1. ibejack96's Avatar
    If the One X (and One S, for that matter) use capacitive instead of on-screen buttons, then how will it deal with a legacy app that does not have a built-in menu button for ICS?
    02-27-2012 03:25 PM
  2. MasterElwood's Avatar
    I second that question
    02-27-2012 03:31 PM
  3. BoostHungry's Avatar
    The same way an app that is designed to work with both tablets (3.0+) and phones handles it. Its very intuitive when developing an app with menus, I'm not even sure if a developer could possibly get it wrong. When a developer wants a menu, he says I want a menu, than Android decides where it goes and how it behaves, customization of menu location and behavior are more like a request to Android than a hard coded option, if an ICS app wants a software menu button but Android detects a hardware button then the hardware button will win.

    Google developed ICS to support software buttons, but they added the support for it to the existing hardware buttons, rather than deprecating hardware buttons.
    02-27-2012 04:04 PM
  4. Kevin OQuinn's Avatar
    So basically if an app needs a menu button and it doesn't see a hardware button it'll automagically make a software button appear on screen? I'm assuming it'd be the little three dots we've grown used to seeing for the "you have more options" kind of stuff?
    02-27-2012 04:10 PM
  5. Benny879's Avatar
    The same way an app that is designed to work with both tablets (3.0+) and phones handles it. Its very intuitive when developing an app with menus, I'm not even sure if a developer could possibly get it wrong. When a developer wants a menu, he says I want a menu, than Android decides where it goes and how it behaves, customization of menu location and behavior are more like a request to Android than a hard coded option, if an ICS app wants a software menu button but Android detects a hardware button then the hardware button will win.

    Google developed ICS to support software buttons, but they added the support for it to the existing hardware buttons, rather than deprecating hardware buttons.
    That works fine and dandy when there are onscreen buttons a la the Galaxy Nexus but it wont work with hardware buttons. ICS doesn't randomly put a menu button anywhere on the screen when the app hasn't been updated for ICS.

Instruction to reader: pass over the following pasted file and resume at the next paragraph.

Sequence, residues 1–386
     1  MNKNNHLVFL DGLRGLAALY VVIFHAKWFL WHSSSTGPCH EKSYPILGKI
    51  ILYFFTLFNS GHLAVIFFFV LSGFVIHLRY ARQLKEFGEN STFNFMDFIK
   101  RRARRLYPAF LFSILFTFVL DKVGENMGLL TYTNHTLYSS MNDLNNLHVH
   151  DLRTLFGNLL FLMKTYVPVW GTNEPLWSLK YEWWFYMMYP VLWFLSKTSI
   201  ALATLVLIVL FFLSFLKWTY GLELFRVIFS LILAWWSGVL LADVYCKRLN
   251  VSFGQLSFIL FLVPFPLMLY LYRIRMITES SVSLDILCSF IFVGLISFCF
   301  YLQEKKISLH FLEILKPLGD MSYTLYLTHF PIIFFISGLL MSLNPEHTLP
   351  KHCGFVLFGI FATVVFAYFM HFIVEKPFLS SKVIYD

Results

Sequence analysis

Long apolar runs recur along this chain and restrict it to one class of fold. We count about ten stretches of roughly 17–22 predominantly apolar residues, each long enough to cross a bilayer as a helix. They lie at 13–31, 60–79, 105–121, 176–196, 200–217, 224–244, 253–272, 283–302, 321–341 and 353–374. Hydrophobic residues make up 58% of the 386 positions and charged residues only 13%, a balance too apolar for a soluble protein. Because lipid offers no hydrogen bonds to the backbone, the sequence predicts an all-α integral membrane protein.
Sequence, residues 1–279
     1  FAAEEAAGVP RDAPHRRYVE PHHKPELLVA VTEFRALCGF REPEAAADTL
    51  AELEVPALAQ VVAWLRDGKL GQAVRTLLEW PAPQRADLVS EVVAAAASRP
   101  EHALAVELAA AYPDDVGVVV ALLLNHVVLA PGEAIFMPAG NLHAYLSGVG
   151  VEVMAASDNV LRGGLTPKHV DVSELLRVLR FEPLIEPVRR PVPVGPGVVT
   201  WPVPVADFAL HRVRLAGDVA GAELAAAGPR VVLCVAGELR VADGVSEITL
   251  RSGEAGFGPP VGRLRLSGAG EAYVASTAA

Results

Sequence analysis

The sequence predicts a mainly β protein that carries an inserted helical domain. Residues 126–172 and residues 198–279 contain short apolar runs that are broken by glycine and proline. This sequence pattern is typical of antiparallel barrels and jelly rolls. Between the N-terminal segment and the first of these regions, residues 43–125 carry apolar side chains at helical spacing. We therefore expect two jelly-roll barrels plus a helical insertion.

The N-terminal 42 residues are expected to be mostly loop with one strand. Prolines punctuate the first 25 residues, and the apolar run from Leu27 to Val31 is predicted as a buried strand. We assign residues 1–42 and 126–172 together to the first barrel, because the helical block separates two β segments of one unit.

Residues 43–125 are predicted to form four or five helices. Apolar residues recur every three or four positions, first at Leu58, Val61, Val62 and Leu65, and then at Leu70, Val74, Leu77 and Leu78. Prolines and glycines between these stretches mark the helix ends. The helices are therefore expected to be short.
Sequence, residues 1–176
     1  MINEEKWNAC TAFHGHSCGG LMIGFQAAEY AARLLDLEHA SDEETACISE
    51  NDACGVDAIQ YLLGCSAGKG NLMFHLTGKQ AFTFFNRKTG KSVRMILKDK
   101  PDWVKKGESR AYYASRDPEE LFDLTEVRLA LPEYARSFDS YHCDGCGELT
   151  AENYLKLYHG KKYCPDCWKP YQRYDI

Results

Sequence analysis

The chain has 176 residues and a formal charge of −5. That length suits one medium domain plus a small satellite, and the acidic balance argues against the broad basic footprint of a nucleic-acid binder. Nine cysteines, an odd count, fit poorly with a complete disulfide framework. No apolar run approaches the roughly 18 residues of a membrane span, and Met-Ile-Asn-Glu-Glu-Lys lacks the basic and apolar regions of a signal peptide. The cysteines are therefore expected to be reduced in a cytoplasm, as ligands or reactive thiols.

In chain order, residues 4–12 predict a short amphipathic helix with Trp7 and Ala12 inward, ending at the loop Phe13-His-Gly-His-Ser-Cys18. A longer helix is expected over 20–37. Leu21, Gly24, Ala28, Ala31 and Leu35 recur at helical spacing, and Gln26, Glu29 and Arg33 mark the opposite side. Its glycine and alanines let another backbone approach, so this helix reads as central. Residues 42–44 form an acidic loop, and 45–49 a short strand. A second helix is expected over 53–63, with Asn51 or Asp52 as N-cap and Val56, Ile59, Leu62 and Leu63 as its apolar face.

02-27-2012 05:24 PM
  6. BoostHungry's Avatar
    Google wants developers to migrate away from using menus and start using the action bar for menu options. But in almost all situations (specially for apps that are designed for older android versions), if the developer wants more options then fit on the actionbar, then they are placed in the menu overflow. The menu overflow on software buttons is the 3 dots, the menu overflow on hardware buttons is the menu button. If a developer designs an app with the latest sdk in mind they have the choice to design their app without an overflow and only use the action bar, which is what Google wants. But having no overflow will effect software and hardware buttons in the same way.

    Bottom line, if an app is designed with out ICS in mind, then they are setting their target and minimum sdk version to an older version which tells Android that overflows are needed if there is no room for options on the actionbar. If the developer doesn't specify anything to be escalated to the action bar, then all menu options will be in the overflow, which again, is the 3 dots on software buttons or the menu button on hardware buttons.

    Full reading
    Kevin OQuinn likes this.
    02-28-2012 02:36 PM
  7. kostek92's Avatar
    Bottom line, if an app is designed with out ICS in mind, then they are setting their target and minimum sdk version to an older version which tells Android that overflows are needed if there is no room for options on the actionbar. If the developer doesn't specify anything to be escalated to the action bar, then all menu options will be in the overflow, which again, is the 3 dots on software buttons or the menu button on hardware buttons.


    Ok, so where will appear the 3 dots on a htc one x or one s?
    02-28-2012 07:34 PM
  8. kostek92's Avatar
    Bottom line, if an app is designed with out ICS in mind, then they are setting their target and minimum sdk version to an older version which tells Android that overflows are needed if there is no room for options on the actionbar. If the developer doesn't specify anything to be escalated to the action bar, then all menu options will be in the overflow, which again, is the 3 dots on software buttons or the menu button on hardware buttons.
    Edit: Above is BoostHungry quote

    Ok, so where will appear the 3 dots on a htc one x or one s?
    02-28-2012 07:47 PM
  9. ZeroRilix's Avatar
    On the HTC One X and One S, the menu button for legacy apps will be the Tasker button. It is the right capacitive button. Which is where you find the search button on the Vivid and Inspire. I picked that up while watching the hands on review from PhoneArena. It will be mostly the multitasking, "tasker", button, but will also be a multipurpose button if needed.
    02-28-2012 08:35 PM
  10. BoostHungry's Avatar
    Didn't realize you were asking which hardware button. As already mentioned, the button on the right will open up the over flow menu items when needed.

    You didn't actually think that a company would release a phone with out the ability to open up menus did you? What is this an iPhone?